See also: First Amendment to the U.S. Constitution
See also: Fourteenth Amendment to the U.S. Constitution

Gun rights

See also: Second Amendment to the U.S. Constitution

It must be realized that, to a great many Americans, firearms are traditional tools. There is a wide spectrum of American opinion on the right to keep and bear arms; many people see guns as useful for sporting or personal protection.

Some, however, believe that private ownership of firearms is a significant counterbalance to a tyrannical government with an advanced military force. Any restriction of gun ownership, to this group, is an existential threat to freedom.

Wayne LaPierre, executive vice president of the National Rifle Association, described United Nations discussion of an Arms Control Treaty as an attack on national sovereignty and the Second Amendment. He quoted John Bolton, who was not confirmed as U.S. Ambassador to the United Nations under the George W. Bush Administration but had spoken against earlier drafts as interim representative,

The [Obama] Administration is trying to act as if this is really just a treaty about international trade between nations, but there's no doubt — as was the case back over a decade ago —that the real agenda here is domestic firearms control.

Details of the Obama/Clinton-endorsed treaty — which has not yet been finalized — will surely include international monitoring and control of every aspect of firearm commerce and ownership in the United States. [3]

He argues that "literally all of the international gun confiscation groups couch their renewed U.N. treaty effort in terms of what they call 'human rights'. But in the newspeak lexicon of the U.N., 'human rights' doesn't mean the right to self-defense as we know it."

U.S. Secretary of State Hillary Clinton, however, stated the position, in 2009, "On a national basis, the United States has in place an extensive and rigorous system of controls that most agree is the “gold standard” of export controls for arms transfers."[4] without calling for additional restrictions. LaPierre, however,argues that she "did not mention the Second Amendment or U.S. sovereignty. Her silence on those seminal elements of our freedom, stands in stark contrast to the audacious defense of American liberty by President George W. Bush under Under Secretary for Arms Control and International Security John Bolton...[who said in July 2001] "we do not support measures that prohibit civilian possession of small arms...the United States will not join consensus on a final document that contains measures abrogating the constitutional right to bear arms."[3]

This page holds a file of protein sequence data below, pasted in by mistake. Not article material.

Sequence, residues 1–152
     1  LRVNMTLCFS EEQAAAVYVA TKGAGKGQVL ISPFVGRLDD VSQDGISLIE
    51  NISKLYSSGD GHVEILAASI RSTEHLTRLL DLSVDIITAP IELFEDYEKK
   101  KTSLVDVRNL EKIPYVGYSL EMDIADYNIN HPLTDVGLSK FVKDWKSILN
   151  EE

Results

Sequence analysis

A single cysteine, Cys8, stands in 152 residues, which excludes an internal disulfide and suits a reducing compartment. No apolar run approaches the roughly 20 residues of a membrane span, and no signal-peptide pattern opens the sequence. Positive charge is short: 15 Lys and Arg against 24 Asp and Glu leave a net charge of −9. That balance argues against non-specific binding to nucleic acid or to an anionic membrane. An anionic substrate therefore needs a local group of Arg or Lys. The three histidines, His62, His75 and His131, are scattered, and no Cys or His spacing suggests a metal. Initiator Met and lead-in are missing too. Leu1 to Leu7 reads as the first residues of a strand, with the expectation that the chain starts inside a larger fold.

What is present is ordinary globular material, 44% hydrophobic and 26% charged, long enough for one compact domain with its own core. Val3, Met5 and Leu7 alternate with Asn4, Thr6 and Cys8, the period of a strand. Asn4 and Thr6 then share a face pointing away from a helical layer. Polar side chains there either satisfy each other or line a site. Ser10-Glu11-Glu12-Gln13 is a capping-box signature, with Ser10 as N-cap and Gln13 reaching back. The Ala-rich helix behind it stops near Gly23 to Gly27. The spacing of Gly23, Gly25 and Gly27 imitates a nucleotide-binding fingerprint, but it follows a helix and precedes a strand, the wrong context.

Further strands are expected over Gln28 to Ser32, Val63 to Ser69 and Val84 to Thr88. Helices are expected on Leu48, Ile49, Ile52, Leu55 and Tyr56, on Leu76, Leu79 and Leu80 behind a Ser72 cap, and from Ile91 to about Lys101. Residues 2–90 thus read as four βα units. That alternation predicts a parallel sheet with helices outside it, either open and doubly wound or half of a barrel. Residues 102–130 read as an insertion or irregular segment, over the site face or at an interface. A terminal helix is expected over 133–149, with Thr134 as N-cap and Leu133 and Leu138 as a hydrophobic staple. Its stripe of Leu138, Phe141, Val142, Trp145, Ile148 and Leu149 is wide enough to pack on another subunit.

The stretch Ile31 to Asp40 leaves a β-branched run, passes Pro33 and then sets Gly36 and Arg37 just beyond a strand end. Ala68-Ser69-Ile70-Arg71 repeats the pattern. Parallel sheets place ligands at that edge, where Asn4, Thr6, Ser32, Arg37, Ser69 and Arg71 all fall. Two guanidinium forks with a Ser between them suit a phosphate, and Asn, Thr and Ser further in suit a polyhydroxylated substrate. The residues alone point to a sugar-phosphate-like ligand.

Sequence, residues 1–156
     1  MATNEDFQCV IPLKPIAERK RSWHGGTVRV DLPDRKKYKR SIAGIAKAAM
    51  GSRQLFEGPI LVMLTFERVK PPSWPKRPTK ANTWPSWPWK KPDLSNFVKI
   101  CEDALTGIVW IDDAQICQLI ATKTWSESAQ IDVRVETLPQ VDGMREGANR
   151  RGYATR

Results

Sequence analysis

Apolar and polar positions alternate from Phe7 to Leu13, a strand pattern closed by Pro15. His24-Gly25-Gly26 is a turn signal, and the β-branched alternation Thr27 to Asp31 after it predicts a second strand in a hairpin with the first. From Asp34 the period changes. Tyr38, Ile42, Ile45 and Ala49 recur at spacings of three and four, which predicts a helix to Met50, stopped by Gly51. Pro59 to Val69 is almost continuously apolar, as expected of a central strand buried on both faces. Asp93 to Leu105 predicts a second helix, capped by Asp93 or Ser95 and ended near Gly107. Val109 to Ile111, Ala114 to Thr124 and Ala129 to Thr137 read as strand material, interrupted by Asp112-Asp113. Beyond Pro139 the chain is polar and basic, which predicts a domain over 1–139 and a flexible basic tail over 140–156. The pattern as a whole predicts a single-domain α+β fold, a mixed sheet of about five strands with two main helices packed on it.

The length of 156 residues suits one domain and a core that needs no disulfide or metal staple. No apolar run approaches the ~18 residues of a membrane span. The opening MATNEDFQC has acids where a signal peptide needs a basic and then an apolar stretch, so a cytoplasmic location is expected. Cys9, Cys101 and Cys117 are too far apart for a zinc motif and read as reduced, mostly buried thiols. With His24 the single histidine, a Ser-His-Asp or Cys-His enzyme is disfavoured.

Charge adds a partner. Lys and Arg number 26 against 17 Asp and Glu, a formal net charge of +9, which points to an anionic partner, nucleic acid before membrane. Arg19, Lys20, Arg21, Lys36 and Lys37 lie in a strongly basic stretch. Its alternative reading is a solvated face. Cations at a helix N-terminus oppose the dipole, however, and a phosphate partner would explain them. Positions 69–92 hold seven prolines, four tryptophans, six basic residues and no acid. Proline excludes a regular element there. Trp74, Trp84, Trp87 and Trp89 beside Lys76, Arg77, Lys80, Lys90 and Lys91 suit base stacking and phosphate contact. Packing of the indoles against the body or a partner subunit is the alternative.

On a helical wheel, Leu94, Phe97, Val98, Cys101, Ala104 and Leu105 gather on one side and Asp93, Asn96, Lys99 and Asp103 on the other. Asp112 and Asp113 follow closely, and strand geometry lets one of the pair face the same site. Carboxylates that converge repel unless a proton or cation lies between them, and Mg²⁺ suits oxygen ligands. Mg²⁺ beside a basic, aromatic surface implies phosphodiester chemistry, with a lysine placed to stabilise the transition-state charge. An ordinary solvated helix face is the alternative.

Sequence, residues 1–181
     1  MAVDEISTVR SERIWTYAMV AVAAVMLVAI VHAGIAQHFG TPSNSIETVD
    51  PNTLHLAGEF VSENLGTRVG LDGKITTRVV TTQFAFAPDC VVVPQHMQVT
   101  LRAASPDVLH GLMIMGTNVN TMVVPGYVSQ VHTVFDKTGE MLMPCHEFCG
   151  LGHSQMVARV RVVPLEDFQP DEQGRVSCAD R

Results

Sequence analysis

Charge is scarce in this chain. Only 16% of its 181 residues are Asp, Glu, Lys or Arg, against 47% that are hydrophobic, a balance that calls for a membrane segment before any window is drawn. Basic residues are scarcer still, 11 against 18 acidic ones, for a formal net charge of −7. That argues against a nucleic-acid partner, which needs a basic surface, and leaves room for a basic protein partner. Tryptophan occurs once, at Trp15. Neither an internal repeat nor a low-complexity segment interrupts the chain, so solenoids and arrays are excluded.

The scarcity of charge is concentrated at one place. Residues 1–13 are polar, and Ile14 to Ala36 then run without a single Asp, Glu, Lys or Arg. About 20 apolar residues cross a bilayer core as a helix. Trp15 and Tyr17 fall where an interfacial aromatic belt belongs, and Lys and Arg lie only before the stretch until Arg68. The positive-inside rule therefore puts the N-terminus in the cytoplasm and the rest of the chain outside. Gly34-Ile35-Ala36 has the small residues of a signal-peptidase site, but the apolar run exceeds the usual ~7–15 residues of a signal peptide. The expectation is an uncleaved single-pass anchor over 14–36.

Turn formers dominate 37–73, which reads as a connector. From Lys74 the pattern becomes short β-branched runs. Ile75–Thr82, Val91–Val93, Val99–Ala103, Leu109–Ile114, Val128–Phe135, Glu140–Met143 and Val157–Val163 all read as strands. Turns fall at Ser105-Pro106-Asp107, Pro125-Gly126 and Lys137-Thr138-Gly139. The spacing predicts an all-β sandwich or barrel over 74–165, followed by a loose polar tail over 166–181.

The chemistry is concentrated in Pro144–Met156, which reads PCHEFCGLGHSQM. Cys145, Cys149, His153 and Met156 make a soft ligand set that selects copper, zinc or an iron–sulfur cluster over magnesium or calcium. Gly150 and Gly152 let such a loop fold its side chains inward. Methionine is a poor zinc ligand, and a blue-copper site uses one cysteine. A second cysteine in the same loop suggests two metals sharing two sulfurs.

Much of paleoconservatism is waged in culture wars. Traditional values are to be respected even if not politically correct. For example, the Confederate flag and southern traditions are seen as racist by others, but a legitimate part of American history by many paleoconservatives such as Sam Francis. [5] Racist and White nationalist groups, confusingly, may adopt that same flag, but for different reasons. Paleoconservatives often oppose immigration, especially from other than Europe, but are not inherently racist.

They do tend to be Christian and object to such things as the "War on Christmas", but their emphasis is on preserving the culture rather than introducing morality.


  1. Senate Vote Threatens American Sovereignty: Concerned Women for America Urges Senate to Oppose Harold Koh, Concerned Women for America, 24 June 2009
  2. T. Jeremy Gunn (2006), The Religious Right and the Opposition to U.S. Ratification of the Convention on the Rights of the Child, vol. 20, Center for the Study of Law and Religion, Emory University, pp. 127-128
  3. 3.0 3.1 Wayne LaPierre (February 2010), "The First Step in Trampling Our Rights", America's First Freedom, National Rifle Association: 8, 55
  4. Hillary Clinton (14 October 2009), U.S. Support for the Arms Trade Treaty, U.S. Department of State
  5. William T. Work (Fall 2007), "(book review) Shots Fired: Sam Francis on America's Culture War", Journal of Social, Political, and Economic Studies